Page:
Top of the Town 2022: Shopping

Choice of editors

Best place to buy houseplants

The Room of Plants

Daniel Brenner’s photo

“Follow me to the plant room.” That’s the phrase Victor Sosa-Meza found himself repeating over and over again when he started selling houseplants from his parents’ guest room six years ago. At the time, it was a way to relieve the stress of his day-to-day work at the company, but Sosa-Meza quickly discovered that giving personalized advice to plant novices could become a full-time career. In 2020, he moved from his parents’ home to his first physical location in Jefferson Park. Sosa-Meza gives detailed care instructions for each plant and even responds to the panicked: “Why is my prayer plant dying?” Instagram messages. (Hint: you’re probably overdoing it with the water.) But the Plant Room isn’t just for beginners. Sosa-Meza makes frequent trips to Florida, a hub for rare plants, to pick silvery Philodendron hastatum and other hard-to-find varieties in the Centennial State. Acclaim among collectors has catapulted it to a new, larger location just down the street from its original location earlier this year. —Angela Ufheil

Top Accessories/Home Furniture

South Platte Trading Co.

Jessica Larson knows what conversation is like. As a buyer for South Platte Trading Co., a Furniture Row concept that opened just before the pandemic, her job is to travel the world to find merchandise that will spark discussions in her living room. Unlike Denver-based Furniture Row’s other brands, which generally sell mass-produced items, South Platte Trading Co. kind global finds” that expand the company’s aesthetic breadth.

Walking through the North Denver showroom with Larson is a special treat because she is intimately familiar with the origin stories of her purchases. For example, there are the accent chairs, covered in the centuries-old tradition of kantha, an art form born in the Bengal region of India, in which rags are sewn together to create larger sheets of cloth. For these brightly colored chairs (pictured below; $469) from Jodhpur, embroiderers sewed together pieces of recycled saris.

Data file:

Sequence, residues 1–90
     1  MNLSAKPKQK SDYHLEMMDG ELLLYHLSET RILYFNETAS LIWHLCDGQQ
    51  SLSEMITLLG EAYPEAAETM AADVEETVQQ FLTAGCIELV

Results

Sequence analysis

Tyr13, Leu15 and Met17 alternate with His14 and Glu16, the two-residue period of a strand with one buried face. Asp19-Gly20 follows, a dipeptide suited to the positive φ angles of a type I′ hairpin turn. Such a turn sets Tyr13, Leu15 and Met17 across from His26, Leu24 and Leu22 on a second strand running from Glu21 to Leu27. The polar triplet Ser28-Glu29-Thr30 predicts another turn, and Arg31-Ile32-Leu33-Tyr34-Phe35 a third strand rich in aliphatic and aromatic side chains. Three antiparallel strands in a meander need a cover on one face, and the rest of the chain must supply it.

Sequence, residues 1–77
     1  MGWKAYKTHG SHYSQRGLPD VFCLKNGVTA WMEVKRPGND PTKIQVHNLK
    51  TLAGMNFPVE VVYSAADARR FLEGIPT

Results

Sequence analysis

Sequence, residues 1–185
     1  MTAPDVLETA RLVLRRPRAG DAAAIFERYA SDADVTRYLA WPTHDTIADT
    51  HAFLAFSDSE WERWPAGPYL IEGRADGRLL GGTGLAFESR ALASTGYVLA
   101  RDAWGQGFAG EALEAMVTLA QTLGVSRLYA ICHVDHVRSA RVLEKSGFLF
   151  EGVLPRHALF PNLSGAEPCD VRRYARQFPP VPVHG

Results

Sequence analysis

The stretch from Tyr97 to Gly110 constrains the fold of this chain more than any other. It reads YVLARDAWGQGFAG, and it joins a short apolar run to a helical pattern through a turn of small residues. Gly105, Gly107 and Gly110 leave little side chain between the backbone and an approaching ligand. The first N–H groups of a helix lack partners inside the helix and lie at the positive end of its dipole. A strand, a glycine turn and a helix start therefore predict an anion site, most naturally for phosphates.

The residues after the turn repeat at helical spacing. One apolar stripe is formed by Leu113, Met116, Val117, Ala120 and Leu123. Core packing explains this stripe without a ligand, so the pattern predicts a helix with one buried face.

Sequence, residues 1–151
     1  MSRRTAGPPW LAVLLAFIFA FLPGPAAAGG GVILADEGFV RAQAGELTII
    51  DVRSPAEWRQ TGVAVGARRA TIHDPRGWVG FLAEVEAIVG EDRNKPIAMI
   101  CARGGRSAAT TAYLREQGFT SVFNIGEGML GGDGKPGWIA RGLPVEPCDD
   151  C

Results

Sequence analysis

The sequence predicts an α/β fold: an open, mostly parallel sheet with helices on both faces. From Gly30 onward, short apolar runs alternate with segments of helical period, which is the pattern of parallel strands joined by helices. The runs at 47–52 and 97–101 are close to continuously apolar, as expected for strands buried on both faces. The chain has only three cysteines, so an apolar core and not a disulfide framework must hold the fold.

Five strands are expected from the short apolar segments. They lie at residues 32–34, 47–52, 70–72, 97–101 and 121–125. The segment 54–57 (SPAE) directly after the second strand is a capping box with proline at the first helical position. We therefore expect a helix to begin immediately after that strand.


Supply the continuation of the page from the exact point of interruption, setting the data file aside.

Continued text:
Photo courtesy of South Platte Trading Co.

Bringing these treasures to Mile High City has become an adventure of its own. While Larson had enough international contacts and relationships to keep goods flowing when he couldn’t travel abroad because of COVID-19, importing items became exponentially more challenging. “We used to take about 45 days to receive something from India or Vietnam,” says Larson, who has trips to Europe and Asia planned for later this year. “Now, nobody knows with the shortage of manpower and the ports with backup.”

Fortunately, the 18,000-square-foot Bannock Street venue isn’t exactly low on stock, and Larson says things are still coming, just slower. “Items get to people’s homes quickly when they get here,” says Larson. “Sometimes I come to the store and I’m sad because one of my pieces is gone. But at least I know they are going to good homes.” —Lindsey B. King

Editor’s Choice: Choose a side

People’s styles are as unique as their fingerprints, which makes it extremely difficult to select a Top of the Town winner in certain shopping categories, so we picked two.

local women’s boutique

Streetwear – CR Lee Designs

Although she started her label in 2013, designer Crystal Renee Lee didn’t start accumulating orders until she launched her Tomboi collection in 2019. The combination of high fashion and streetwear has become so in demand during the pandemic – when comfort became essential – that each new line continues to sell out, and in March, Lee opened his first store on Broadway. —joce blake